Imagine a skilled surgeon who has a marginal tax rate over 50%. Everything she pays someone else to do costs her twice as much because she pays with after-tax dollars. From a societal point of view, it is inefficient and wasteful for her to mow her own lawn, change her own oil or paint her own house, but specifically because she is in a high tax bracket, she can save more money than the average American by doing those chores herself. Another way to look at it is that without taxes, she could afford to pay twice as much to those who provide her these services.

Economist Arthur Laffer recognized that the law of diminishing returns applies to tax rates as well. According to Laffer, at a certain point, increased taxation actually yields the collection of fewer tax dollars. As we near a 100% tax rate, we approach driving commerce into the ground and collecting no taxes.

Many economists believe we are still beyond the point of diminishing returns. In other words, tax cuts would actually result in increased economic growth and more taxes being collected.

Presidents Kennedy and Reagan understood the Laffer curve well. In 1964, Kennedy reduced the top marginal tax rate from 91% to 70% and, to many people’s surprise, tax revenues increased. Seventeen years later, the Reagan tax cuts reduced the top marginal rate from 70% to 50%. Again, revenues soared. Between 1980 and 1997, the share of federal income taxes paid by the top 1% rose from 19% to 33%. The share of taxes paid by the top 25% increased from 73% to 82%.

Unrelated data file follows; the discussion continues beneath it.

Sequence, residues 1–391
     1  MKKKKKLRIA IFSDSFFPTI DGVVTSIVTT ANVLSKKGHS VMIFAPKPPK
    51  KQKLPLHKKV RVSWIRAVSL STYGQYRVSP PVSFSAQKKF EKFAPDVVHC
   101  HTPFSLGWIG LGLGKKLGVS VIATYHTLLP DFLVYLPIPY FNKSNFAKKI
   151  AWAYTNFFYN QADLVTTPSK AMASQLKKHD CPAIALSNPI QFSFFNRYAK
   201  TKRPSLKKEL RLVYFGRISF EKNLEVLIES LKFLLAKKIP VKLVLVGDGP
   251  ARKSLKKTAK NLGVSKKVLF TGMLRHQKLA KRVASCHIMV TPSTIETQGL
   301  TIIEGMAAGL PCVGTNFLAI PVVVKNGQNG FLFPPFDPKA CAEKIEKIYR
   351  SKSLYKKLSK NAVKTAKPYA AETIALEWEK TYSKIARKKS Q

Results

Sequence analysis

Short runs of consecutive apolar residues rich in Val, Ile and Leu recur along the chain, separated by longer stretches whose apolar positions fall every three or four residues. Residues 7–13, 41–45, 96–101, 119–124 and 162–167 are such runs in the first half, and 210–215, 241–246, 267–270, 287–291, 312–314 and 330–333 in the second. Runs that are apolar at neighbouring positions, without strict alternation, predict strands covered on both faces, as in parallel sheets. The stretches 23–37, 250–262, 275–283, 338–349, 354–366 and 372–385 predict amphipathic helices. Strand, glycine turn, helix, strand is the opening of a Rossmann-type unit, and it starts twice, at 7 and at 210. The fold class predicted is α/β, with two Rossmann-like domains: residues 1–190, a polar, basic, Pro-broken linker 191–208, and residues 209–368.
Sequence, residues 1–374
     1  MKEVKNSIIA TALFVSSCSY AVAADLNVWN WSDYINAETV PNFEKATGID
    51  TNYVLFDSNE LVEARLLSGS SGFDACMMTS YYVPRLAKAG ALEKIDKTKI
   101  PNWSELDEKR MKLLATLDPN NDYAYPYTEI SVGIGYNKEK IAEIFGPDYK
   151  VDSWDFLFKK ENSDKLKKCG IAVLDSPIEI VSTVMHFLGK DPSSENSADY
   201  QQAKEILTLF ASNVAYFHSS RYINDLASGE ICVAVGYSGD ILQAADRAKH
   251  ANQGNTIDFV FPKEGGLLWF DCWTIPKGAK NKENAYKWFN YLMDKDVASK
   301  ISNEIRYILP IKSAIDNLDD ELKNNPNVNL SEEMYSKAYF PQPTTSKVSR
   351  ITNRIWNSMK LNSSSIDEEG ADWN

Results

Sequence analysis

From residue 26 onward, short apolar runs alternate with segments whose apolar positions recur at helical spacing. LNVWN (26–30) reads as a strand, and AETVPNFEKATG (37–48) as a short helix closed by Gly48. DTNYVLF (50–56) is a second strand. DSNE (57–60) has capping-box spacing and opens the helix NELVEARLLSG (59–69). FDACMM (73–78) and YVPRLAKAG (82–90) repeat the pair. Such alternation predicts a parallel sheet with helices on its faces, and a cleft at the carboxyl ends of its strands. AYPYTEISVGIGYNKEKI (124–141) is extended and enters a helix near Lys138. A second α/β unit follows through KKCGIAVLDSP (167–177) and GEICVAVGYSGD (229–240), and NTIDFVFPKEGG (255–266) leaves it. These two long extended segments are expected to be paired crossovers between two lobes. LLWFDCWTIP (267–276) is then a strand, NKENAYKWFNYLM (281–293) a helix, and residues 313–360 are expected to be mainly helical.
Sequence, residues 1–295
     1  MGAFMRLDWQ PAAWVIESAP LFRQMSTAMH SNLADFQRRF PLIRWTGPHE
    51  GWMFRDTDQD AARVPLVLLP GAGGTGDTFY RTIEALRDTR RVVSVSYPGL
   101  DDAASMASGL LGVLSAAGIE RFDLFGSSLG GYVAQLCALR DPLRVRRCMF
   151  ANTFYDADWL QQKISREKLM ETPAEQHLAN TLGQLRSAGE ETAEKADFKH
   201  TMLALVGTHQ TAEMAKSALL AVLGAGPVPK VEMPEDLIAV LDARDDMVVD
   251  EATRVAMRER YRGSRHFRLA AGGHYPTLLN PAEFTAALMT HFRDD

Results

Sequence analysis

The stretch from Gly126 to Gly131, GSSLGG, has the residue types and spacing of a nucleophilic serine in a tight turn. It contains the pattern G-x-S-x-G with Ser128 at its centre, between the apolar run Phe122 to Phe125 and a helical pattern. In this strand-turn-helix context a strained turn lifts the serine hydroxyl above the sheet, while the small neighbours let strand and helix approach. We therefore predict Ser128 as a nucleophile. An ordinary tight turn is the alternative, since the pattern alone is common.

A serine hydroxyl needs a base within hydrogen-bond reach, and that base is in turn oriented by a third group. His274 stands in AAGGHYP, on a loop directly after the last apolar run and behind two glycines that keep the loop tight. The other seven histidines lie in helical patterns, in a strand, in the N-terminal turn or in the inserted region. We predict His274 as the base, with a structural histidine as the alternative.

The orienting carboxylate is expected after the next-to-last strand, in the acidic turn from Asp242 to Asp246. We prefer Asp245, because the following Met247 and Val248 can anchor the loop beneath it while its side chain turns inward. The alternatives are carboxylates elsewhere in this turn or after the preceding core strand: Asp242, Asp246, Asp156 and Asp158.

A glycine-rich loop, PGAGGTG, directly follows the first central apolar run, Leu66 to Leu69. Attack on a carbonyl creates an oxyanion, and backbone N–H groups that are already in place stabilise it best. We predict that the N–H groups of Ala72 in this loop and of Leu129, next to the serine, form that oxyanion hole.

The top 1% now pays 34% of the taxes in the United States. Do you know how to join the top 1% of taxpayers? Just sell a house in California. The top half of taxpayers pays almost 96% of the income taxes, meaning the bottom half pays just 4%. These two statistics have increased despite all the complaints that tax cuts favor the rich.

Economists understand that the optimum rate of taxation is zero. The second-most ideal is as low as possible. In contrast, many Americans seem to believe that tax rates should be increasingly punitive. One notable exception is Alaska, where Tax Freedom Day arrived weeks ago on March 29.

Low taxes should not be a political issue that divides us. Every American should agree with the goal of keeping taxes as low as possible. In 2011, all of the federal tax cuts enacted since 2001 are scheduled to expire. If this happens, Tax Freedom Day will move an entire week later. In the words of John F. Kennedy, “An economy hampered by restrictive tax rates will never produce enough revenues to balance our budget–just as it will never produce enough jobs or profits.”

Photo used here under Flickr Creative Commons.

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David John Marotta is the Founder and President of Marotta Wealth Management. He played for the State Department chess team at age 11, graduated from Stanford, taught Computer and Information Science, and still loves math and strategy games. In addition to his financial writing, David is a co-author of The Haunting of Bob Cratchit.